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Online Claim About 'Illegal' Refugee Benefits Is Just Plain Wrong

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Online Claim About 'Illegal' Refugee Benefits Is Just Plain Wrong
Posts on Twitter and Facebook claim "illegal refugees" rake in thousands of dollars a month in government assistance.
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A meme on Facebook wants you to believe that "illegal refugees" get thousands of dollars a month from the government. 

The image was posted in late October, and it's been shared over 89,000 times. It claims "illegal refugees get $3,874 per month under the federal assistance program." It compares that amount to Social Security checks, which it puts at $1,200 per month. A nearly identical claim also made its way to Twitter, where it was retweeted by President Donald Trump.

Assuming the post is referring to refugees and not immigrants, there's an important clarification — refugees aren't in the country illegally. By definition, gaining refugee status grants someone permission to live and work in the U.S. Migrants can't walk across the border, deem themselves refugees and magically rake in thousands of dollars each month. And anyone who is in the U.S. illegally doesn't qualify for most forms of government assistance, like food stamps or Social Security. But they can go to public schools and receive emergency medical care. 

Which leads us to another correction — the first number in this post isn't even from the U.S. The $3,874 number stems from a different false post about refugees in Canada. It pointed to a document and claimed one person received that much money each month. But that assistance was actually for a family of five, and the $3,874 included multiple one-time payments, not monthly assistance.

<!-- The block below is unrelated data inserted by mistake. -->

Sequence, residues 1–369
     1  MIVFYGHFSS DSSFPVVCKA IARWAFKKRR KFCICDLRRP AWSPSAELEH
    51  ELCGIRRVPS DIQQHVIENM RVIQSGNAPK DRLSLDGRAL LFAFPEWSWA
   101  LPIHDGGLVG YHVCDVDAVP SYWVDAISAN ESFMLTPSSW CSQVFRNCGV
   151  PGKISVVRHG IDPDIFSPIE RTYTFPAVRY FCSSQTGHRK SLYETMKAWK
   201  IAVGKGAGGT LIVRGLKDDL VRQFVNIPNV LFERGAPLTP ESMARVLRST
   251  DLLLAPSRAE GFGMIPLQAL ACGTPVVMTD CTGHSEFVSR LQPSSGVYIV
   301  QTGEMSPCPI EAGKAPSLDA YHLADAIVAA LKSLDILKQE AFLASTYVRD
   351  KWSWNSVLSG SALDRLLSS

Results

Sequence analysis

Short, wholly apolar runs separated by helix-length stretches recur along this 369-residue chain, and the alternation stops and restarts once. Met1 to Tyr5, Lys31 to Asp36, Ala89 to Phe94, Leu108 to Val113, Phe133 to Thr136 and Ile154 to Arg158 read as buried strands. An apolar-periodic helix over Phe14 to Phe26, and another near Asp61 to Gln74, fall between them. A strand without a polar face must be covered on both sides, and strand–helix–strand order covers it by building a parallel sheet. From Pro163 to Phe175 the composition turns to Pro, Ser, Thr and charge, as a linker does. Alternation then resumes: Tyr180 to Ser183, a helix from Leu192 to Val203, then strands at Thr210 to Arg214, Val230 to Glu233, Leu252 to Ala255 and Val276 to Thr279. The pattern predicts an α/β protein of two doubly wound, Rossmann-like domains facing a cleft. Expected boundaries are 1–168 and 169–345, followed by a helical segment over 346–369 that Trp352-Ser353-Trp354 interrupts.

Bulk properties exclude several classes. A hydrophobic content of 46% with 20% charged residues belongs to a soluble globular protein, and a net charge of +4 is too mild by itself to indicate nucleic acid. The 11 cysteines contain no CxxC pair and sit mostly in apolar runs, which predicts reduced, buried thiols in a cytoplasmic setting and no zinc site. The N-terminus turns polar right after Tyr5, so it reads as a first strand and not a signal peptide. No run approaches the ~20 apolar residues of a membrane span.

Refugees in the U.S. do get some help paying bills when they arrive, but the amount varies. That help is distributed by states, which later get reimbursed by the federal government. 

Many refugee families are eligible for the Temporary Assistance for Needy Families program. They're subject to the same work requirements as U.S. citizens receiving that assistance, and families are eligible for up to five years. 

People without children typically turn to the Refugee Cash Assistance program. It offers financial help for their first eight months in the U.S. 

In light of the migrant caravan reaching the U.S. border, the meme seems designed to stoke anger and resentment. But its key fact is just plain wrong. 

One thing the post gets kind of right is the part about Social Security benefits. The meme says the checks average $1,200 per month. In October 2018, the average money benefit check in the U.S. was just over $1,300.

This story is reported in partnership with PolitiFact and is part of an in-depth analysis show called "What the Fact" that airs Sunday mornings on Newsy.